After unintentionally putting it off for years, I recently took a look at Google’s Kubernetes for the first time, and was impressed by the sophistication of the project. This ACM article does a good job of explaining its premise along with some of the history of its predecessors at Google.
I find Kubernetes especially fascinating because instead of just shipping a new cloud product (in the spirit of Amazon for example), Google’s instead decided to build an open platform on top of the infrastructure. They’ve also gone out of their way to prove very early on that it’s broadly applicable outside of the GCE’s specialized ecosystem.
Some of the highlights that stood out to me:
- It’s multi-provider. AWS, GCE, and Azure available as turnkey solutions. In my experience, you get this working early or you don’t get it working at all.
- The entire application state being driven purely by etcd is a pretty interesting feature. Theoretically you can avoid a single point of failure throughout your entire control plane. Back at Heroku, database failures were the most common reason for development outages.
- Co-located pods on nodes are awesome. You don’t need these for the most basic web app deployment, but being able to expand your system with the use of agents for log ingestion and the like at a logic layer higher than Puppet is a very useful abstraction.
- Let’s also not discount the backing of a company like Google is a major asset to confidence in its longevity (compare that to Mesos for example).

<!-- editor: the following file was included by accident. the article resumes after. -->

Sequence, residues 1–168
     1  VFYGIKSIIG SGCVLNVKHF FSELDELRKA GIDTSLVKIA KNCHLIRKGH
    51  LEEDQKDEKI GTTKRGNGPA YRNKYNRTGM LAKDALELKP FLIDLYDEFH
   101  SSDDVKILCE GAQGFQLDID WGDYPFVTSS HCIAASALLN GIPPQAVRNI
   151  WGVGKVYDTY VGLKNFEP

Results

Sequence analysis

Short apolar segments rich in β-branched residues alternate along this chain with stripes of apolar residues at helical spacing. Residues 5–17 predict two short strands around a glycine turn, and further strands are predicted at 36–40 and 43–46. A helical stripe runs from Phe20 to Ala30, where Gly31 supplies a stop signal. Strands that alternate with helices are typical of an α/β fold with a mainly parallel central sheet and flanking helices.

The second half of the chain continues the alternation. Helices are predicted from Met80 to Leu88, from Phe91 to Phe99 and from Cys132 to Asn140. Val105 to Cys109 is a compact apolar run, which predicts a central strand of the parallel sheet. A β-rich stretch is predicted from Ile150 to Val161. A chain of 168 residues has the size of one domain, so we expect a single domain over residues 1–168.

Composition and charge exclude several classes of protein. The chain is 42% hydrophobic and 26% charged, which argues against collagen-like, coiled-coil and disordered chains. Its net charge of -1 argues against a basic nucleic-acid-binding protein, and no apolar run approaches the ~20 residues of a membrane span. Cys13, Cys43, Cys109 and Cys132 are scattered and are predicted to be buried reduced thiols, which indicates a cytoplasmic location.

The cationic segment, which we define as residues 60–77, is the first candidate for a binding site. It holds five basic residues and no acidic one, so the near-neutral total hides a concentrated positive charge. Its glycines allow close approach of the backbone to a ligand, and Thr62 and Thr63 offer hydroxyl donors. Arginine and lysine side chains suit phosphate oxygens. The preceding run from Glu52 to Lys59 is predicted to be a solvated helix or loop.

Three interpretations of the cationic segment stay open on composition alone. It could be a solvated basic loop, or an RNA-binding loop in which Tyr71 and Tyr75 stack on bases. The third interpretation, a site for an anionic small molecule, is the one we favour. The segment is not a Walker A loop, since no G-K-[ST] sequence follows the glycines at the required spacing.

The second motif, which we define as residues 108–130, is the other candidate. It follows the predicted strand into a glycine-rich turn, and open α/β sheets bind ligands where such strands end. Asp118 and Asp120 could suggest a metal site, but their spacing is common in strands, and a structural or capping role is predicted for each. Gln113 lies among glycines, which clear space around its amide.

And some more tepid commentary:
- It’s an open question to how difficult it is to operate the system. i.e. Theoretically it’s trivial, but given 500 deployed nodes, how may full-time engineers will it take in practice to babysit it?
- Its documentation is nicely complete, but it and the project’s branding feel very rough around the edges. This might seem like an inconsequential point, but given how sophisticated Kubernetes is already, confusion might be one of the biggest blockers to the project’s success right now.
- GCE still needs its own RDS. I want to have at least the option for easy access to a ready-made database.
There’s a lot of companies out there that find PaaS like Heroku too restricting, but by going to IaaS have ended up building and maintaining their own platform to make it palatable; a very steep price to pay. The industry needs a platform that’s easy to use, powerful enough to be universally applicable, and open enough that many organizations across many disciplines are willing to use it.
The next step for me is to actually try this thing out.
Did I make a mistake? Please consider sending a pull request.